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Unformatted text preview: MAT 200
SUMMARY OF LECTURE ON YIELDING UNDER MULTIAXIAL LOADING Under conditions of unia‘xial loading (for example in the tension test performed in the
laboratories) the material yields when the normal stress (tensile stress in the laboratory experiment)
reaches a certain value we call yield strength 0'0. At this point the maximum shear stress induced in
the material is equal to 60/2 and acts on planes making i45° with the tensile (or compression) axis.
In real life situations we may expect materials to be subjected to combinations of stresses, normal
and shear. However, there always exist a set of orthogonal axis 1, 2 and 3 so that stresses referred
to these axes consist only of normal stresses designated as principal stresses, 0'1, 02 and 63.
Several theories have been proposed that predict the stress conditions under which yielding occurs. Three such theories are described below. 1. Masimmmnnalsnrssthem: This theory predicts that yielding will take place when the principal stress of the largest
absolute value Om (largest of 01, 62 or 0'3) reaches the uniaxial yield strength.- So what this
means is that the other two stresses (that are not the marrimum) play no role at all in yielding. 2- I I . I I . I l I C . . : According to Tresca it is the shear stress — not the normal stresses per se -—- that determine
when the material yields, and this happens when the induced shear stress reaches the'shear stress at
yielding under uniaxial loading which is era/2. Under principal stresses 0'1, 0'2 and 03 the shear
stresses developed (be careful with signs) are i 01—02/2. i (IT-6312 and i 63—6112. So, when the
largest of these numerically reaches 60/2 yielding will occur. Notice that if one of the three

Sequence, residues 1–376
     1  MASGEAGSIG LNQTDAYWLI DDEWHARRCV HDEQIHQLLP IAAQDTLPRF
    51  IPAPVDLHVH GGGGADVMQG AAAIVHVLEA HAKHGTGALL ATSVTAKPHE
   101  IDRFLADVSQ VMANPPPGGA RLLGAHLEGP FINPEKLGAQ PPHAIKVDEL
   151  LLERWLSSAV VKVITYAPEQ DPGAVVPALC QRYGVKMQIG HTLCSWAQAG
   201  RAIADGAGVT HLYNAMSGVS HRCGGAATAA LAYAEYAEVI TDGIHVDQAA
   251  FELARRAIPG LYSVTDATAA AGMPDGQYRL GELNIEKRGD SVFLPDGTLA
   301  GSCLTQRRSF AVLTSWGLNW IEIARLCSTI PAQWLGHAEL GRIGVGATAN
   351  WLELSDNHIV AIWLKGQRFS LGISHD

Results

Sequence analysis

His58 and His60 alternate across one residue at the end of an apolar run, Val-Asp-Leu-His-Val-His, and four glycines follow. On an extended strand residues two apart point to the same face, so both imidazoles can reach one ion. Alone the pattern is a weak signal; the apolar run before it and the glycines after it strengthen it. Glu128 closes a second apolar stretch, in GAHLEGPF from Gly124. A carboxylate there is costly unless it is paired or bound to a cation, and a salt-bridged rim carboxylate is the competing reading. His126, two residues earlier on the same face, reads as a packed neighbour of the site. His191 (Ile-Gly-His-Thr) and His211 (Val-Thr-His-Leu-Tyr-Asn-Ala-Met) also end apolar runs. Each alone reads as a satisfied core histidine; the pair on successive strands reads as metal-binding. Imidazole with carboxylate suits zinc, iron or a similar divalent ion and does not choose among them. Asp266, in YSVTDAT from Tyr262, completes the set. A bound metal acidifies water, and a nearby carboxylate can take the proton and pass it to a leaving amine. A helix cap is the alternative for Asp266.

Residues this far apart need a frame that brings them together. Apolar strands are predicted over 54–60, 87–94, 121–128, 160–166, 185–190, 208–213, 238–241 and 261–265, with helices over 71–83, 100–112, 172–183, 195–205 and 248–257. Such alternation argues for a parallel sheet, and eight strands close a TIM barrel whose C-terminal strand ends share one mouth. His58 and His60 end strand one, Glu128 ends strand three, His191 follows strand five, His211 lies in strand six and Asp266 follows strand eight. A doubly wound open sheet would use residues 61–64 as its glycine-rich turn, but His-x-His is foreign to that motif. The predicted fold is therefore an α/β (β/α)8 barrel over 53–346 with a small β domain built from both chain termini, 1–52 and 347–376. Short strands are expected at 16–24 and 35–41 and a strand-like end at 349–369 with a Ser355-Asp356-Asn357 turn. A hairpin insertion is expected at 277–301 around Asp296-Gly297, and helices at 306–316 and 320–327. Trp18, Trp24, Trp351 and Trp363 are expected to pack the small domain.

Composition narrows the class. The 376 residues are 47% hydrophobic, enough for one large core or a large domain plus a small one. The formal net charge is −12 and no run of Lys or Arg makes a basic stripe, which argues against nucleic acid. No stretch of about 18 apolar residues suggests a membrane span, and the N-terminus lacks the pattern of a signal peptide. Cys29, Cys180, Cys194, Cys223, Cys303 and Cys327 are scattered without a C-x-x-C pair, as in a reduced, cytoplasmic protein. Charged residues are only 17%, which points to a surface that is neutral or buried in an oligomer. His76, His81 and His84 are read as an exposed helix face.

principal stresses is zero, this theory reduces the first one above. Also notice that it is only the two principal stresses with the largest difference between them that determine yielding regardless of the
third (which obviously has an intermediate value). 3-“.1..1 EXHCH: It can be proven that the maximum energy of distortion is proportional to [(61—62)2 +
(ctr—o3)2 + (03 — oﬁz] and since we know that the material yields when 0‘1 = 0‘0 and 02 = 63 = 0
then by substitution in the above expression we get that at yield (61-62)2 + (oz-092 + (03-431)2 =
2 0'02. This criterion thus predicts that yielding depend on the value of each of the three principal stresses . Experimental results are closer to'the predictions of Von Mises criterion and generally above
those of Tresca. Thus the Tresca criterion is more conservative and the Von Mises criterion more
realistic as is shown the ﬁgure below for yield under biaxial loading of steel. copper and nickel. allallll Maximum distortion energy ’r-ﬁ Maximum normal stress + Cast iron
0 Steel 0 Copper
A Aluminum Comparison of failure criteria with test. ...
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- Spring '08